It’s pretty interesting, so if you think about how technology can open up media and the ownership of media and the telling of stories and just where we’re headed with that handheld device. I think it’s really exciting, and it’s completely driven by young people. Had I not been a mother, and had I not had a child that’s not watching television, that’s completely interacting on the Internet, and the way he does his homework and the way he interacts with his friends — you know they don’t talk to each other. They could be sitting in the same room, and they’ll play a video game no problem, but they’ll text each other much more than they’ll talk to each other. It’s really interesting where our society is headed. And I know there’s a lot of academic research about the negativity about it and the way our brains are being developed, but I’d like to think about ways we can take this technology and use it towards exciting new, creative ways of approaching, say, the structure of a story or the way we relate to each other culturally, sexually, intellectually. And so I’m always looking for that one new thing that’s opening up my brain and the way that I’m telling a story. And this Mix It program is just fantastic.

BS: Can you comment on ways that social media might be interacting with non-Western societies, which can be traditionally much more socially oriented than their Western counterparts already?

AW: I know, it’s interesting. I’m trying to raise money for Global Girl, and in the developing world we’re calling for ICT Education (Information, Communication, Technology), and that broadband access should be a right. And even within our own country, the Recovery Act had $7.2 billion set aside for broadband access in urban and poorer communities. Computer literacy and things like that. And I wonder about that because, yeah, is it all taking away from sitting around a fire and having grandmother or grandfather tell you a story? And I would have to say that from purely witnessing kids on their cell phones in Africa, farmers, women going to market, there’s still definitely an aspect of social interaction and color and laughter and openness that the cell phone doesn’t diminish. Like I said, they’re using phones as opposed to the Internet, so they’re not locked in their room on a computer. They’re moving around, and that mobility (it’s called a mobile phone) may have something to do with being out in the open and able to interact. I don’t know. It’s just so new. We really don’t know where we’re headed in terms of this technology.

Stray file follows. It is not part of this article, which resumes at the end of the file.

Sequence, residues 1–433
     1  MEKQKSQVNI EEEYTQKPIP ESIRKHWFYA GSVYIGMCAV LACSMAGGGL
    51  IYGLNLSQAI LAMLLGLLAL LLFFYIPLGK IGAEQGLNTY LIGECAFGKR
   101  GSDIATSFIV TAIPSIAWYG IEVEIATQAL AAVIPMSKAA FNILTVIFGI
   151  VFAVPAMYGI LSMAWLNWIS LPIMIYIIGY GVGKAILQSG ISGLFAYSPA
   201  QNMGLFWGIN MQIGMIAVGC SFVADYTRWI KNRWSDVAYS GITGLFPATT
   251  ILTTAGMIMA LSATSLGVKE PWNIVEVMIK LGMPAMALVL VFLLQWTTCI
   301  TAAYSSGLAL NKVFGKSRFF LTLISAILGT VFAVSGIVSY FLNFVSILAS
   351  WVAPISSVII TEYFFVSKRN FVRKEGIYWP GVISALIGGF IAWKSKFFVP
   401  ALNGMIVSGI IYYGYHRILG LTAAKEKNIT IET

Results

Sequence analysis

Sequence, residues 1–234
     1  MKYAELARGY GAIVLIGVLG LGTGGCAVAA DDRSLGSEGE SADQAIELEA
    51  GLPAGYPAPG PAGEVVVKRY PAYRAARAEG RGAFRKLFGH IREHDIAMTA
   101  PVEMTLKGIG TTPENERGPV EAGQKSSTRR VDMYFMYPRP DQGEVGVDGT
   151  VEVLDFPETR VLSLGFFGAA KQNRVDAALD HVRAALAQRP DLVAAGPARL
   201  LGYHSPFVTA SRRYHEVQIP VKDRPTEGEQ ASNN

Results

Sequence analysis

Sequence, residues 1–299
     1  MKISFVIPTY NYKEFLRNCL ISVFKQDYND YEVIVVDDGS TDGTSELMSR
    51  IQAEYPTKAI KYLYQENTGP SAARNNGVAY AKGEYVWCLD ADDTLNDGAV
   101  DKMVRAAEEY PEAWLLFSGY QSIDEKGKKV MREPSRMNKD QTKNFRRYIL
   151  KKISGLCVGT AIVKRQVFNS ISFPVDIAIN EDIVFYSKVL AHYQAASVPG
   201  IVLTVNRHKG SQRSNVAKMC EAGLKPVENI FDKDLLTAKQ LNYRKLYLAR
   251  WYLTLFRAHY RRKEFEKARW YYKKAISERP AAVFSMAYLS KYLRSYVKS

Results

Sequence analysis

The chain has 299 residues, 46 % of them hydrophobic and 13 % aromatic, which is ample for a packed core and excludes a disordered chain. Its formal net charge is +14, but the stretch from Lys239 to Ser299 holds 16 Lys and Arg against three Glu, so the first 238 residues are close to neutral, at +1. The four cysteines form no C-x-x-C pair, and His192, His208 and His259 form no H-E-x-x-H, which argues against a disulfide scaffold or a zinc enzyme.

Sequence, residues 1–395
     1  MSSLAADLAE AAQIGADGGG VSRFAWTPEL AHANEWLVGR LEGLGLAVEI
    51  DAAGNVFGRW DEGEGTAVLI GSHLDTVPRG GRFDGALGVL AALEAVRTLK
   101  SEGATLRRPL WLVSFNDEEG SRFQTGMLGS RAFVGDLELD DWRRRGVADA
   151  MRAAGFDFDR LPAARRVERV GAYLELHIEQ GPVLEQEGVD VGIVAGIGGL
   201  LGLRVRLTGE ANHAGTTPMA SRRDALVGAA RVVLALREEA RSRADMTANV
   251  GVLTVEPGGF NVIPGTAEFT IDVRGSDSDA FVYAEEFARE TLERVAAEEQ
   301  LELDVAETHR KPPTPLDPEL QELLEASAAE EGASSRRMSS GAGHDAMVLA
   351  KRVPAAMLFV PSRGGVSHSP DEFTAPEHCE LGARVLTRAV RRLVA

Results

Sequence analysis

BS: You spoke about the act of storytelling from their perspective on camera. What inspired you to give them the tools to tell their own stories, as opposed to the traditional method of Western filmmaking, which comes in and tells their story for them?

AW: Just because there’s such an absence of their perspective in media, and particularly young women from these types of communities. You know, Precious was such a great film because people were just stunned by this subculture that she came out of. And that type of woman and that type of story has maybe been told already, but not to the extent of how authentic that film really felt.

So it’s authenticity, really, and contextualizing the story that is important. And I want to talk about the news in a little bit and how this whole explosion of citizen journalism has encouraged people to report on their immediate environment and then send it into Fox TV or whatever. And so we are really riding on that bandwagon of citizen journalism as well, but I want to ask the questions regarding countries where to be a participating citizen is difficult — like, say, to be a Muslim girl in Gaza. A really good example was when the Iranian elections took place and there was this girl who was killed, and her image was taken on a cell phone and it went all around the world — this bloody, beautiful girl became the icon of the new Iran, you know?